Coach Mike D’Antoni’s rotation is an ever-evolving machine with parts that grow, shrink, disappear, and switch roles constantly. As part of our Knicks coverage all season, we’ll be tracking each player every Tuesday. Come join us for the Knicks Power Rankings!
1. Jeremy Lin. (Last week: 4) Looking back, it’s pretty silly that I busted out the “Linsanity!” headline for last week’s rankings. At the time, Jeremy Lin’s breakout was just two games old, and the rest of the world was juuust starting to begrudgingly focus its attention on the Knicks. One week and three games later, Lin is the defending Eastern Conference Player of the Week, he’s on the cover of Sports Illustrated, and roughly one thousand billion words have been written about him and every single fragment of his personal history. So, uh, suffice to say we had no idea quite how Linsane things were going to get when we declared Linsanity a week ago. Lin’s actual performance on the court has been buried a bit by all the hoopla, but the Knicks and their fans certainly haven’t forgotten that that’s why we’re here. Lin’s coming off a week in which he serially embarrassed John Wall and the Wizards, exploded for 38 points from every range in a nationally televised victory over the Lakers, and didn’t show any signs of slowing until the second half of New York’s ugly win in Minnesota. In a way, Saturday’s second half struggles were reassuring. The kid had been so uniformly spectacular — passing sharply, scoring in pretty much any context, defending like a seasoned pro — that we needed a stretch of tired, sloppy play to temper our skyrocketing enthusiasm for Lin and, like, remind us of our own mortality. Knick fans were getting close to quitting their jobs and following Lin around the country Deadhead-style. Shit, I’m still considering it. Anyway, Lin easily gets the top Power Ranking this week after having one of the best and most famous weeks that any Knick has had ever.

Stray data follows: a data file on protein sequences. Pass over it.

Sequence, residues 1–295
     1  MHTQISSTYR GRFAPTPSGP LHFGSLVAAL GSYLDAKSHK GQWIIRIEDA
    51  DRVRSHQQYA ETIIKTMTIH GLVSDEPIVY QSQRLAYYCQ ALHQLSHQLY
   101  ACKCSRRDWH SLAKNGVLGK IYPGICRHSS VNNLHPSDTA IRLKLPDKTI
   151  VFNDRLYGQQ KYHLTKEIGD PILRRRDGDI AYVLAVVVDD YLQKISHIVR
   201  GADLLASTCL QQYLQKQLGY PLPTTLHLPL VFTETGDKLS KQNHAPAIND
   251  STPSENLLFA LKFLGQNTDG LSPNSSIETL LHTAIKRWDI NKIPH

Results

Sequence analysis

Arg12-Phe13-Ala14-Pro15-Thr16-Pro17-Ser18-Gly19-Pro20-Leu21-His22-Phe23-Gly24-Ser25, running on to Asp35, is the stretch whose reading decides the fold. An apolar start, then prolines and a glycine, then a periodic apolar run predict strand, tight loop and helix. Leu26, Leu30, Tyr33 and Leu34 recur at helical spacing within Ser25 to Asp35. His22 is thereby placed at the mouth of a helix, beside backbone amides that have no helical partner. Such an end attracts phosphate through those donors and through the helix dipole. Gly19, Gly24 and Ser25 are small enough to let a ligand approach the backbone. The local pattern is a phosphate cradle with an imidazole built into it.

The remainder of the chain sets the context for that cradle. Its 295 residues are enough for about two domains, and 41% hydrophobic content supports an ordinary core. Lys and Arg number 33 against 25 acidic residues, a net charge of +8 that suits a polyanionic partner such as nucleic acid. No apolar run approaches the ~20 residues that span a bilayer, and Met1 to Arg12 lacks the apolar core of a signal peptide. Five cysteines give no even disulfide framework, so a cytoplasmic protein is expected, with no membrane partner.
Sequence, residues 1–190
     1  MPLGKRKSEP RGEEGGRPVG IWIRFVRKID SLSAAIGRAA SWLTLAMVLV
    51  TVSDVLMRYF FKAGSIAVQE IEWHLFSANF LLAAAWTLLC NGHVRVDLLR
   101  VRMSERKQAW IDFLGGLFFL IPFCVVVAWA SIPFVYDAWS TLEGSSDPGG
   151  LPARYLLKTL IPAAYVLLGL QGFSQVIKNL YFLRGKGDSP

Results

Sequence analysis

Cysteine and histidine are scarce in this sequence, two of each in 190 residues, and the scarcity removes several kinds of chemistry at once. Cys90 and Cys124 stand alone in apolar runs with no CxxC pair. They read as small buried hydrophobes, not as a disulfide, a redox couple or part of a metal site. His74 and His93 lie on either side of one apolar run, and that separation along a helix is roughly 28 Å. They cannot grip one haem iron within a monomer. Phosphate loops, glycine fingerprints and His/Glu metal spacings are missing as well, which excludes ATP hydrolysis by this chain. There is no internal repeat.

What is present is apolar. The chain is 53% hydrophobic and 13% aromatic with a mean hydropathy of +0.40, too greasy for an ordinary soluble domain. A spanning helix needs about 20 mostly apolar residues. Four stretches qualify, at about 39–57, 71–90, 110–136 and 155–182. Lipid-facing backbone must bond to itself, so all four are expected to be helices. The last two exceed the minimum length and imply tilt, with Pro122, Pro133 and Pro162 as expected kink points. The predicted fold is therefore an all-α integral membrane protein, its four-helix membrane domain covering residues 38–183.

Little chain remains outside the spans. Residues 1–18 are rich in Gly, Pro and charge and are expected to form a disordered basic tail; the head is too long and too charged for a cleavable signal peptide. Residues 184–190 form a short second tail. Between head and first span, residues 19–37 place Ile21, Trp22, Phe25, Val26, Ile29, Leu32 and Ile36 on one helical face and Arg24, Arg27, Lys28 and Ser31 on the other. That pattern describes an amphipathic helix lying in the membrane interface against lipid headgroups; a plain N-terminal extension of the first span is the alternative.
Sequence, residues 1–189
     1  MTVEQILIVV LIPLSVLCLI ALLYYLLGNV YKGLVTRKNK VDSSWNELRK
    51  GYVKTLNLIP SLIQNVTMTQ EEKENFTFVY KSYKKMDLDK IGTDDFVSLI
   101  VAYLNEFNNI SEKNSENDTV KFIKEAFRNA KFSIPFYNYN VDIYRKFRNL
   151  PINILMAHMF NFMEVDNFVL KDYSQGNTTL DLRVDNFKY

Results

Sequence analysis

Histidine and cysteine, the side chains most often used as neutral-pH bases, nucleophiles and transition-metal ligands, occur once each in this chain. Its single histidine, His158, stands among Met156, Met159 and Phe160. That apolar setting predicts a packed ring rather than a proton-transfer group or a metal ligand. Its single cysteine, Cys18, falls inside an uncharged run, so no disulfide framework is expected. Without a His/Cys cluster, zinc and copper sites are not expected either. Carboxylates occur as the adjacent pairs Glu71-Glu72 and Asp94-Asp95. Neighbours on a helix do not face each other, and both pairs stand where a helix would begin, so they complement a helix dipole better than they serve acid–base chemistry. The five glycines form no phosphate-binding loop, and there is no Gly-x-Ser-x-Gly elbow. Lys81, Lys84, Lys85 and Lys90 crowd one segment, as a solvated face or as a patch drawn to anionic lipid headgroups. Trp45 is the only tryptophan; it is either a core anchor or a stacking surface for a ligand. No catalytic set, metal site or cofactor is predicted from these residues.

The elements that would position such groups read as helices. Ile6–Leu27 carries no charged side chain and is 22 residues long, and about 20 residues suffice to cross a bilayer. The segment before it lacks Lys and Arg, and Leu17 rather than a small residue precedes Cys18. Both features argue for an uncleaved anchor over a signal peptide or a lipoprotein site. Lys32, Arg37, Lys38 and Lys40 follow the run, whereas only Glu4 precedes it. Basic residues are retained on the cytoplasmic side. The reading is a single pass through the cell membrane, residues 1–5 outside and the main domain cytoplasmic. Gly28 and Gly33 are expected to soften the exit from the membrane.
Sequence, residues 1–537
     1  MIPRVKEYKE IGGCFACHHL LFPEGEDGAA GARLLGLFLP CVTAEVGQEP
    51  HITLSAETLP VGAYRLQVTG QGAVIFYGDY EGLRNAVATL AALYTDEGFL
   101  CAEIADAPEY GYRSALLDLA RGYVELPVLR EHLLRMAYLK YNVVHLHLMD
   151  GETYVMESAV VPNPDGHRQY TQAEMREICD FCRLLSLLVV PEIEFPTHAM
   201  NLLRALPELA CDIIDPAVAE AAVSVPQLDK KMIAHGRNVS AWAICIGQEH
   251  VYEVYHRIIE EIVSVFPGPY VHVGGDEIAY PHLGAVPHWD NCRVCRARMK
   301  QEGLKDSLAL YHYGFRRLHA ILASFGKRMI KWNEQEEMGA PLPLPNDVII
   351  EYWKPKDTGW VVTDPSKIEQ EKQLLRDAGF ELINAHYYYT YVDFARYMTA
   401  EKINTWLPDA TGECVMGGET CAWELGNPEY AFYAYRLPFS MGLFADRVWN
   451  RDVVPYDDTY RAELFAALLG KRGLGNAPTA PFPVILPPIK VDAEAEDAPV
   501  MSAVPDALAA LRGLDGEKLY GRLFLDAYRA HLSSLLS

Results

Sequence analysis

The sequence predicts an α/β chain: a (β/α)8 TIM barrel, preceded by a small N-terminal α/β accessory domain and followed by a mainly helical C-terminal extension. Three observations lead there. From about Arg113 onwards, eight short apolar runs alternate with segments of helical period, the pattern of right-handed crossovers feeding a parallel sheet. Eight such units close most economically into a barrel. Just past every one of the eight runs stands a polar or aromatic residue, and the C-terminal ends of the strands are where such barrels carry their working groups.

2. Tyson Chandler. (Last week: 1) Of course, the best part about Lin’s brilliant play is that it drips down to every other Knick that joins him on the court. Lin’s ability to identify and engage the open man first reinvigorated Chandler as an offensive weapon, then made him a key target for opposing defenses. After he dropped a season-high 25 points in Washington, the Lakers and Timberwolves made it their game plan to bring help and clog the paint to stifle Chandler’s rolls and lob finishes. That’s a sound strategy, but it’ll be much tougher to pull off as Amar’e Stoudemire and Carmelo Anthony work their way back into the fold. On the other end, Chandler revealed some rare defensive weaknesses when trying to guard the fleeter Trevor Booker and the brutish Nikola Pekovic, but made up for that with an inspired performance in his most important match-up against the Lakers. Chandler was a wall in that game, bullying Andrew Bynum into uncomfortable spots, unwieldy shot attempts, and just three points on 1-8 shooting.
3. Iman Shumpert. (Last week: 7) I suspected last week that Shumpert would get more comfortable in his new role off the ball, and that certainly appeared to be the case over the last three games. There were some very rookie stretches of poor shots and bad fouls, but Shump was, for the most part, as effective on both ends of the floor as he’s ever been. Iman’s defense has never really wavered; he’s incredibly physical — occasionally to a fault — and can neutralize mismatches with absurdly quick, accurate hand swipes. (Seriously, I can’t tell you how many times I’ve fretted at the sight of Shumpert switched into the post, only to watch him snatch the ball right out of a big man’s hands). The fact that Shumpert has such impressive hand-eye coordination on defense makes his inability to convert routine lay-ups especially uncanny; though, to Shump’s credit, he finished a number of vitally important plays at the ends of both the L.A. and Minnesota games. All told, it was a week with three double-digit scoring performances on 50 percent shooting, much of it in tight fourth-quarter situations. That’s the kind of production the Knicks are looking for from a guy who’s shaping up to be their utility sixth man.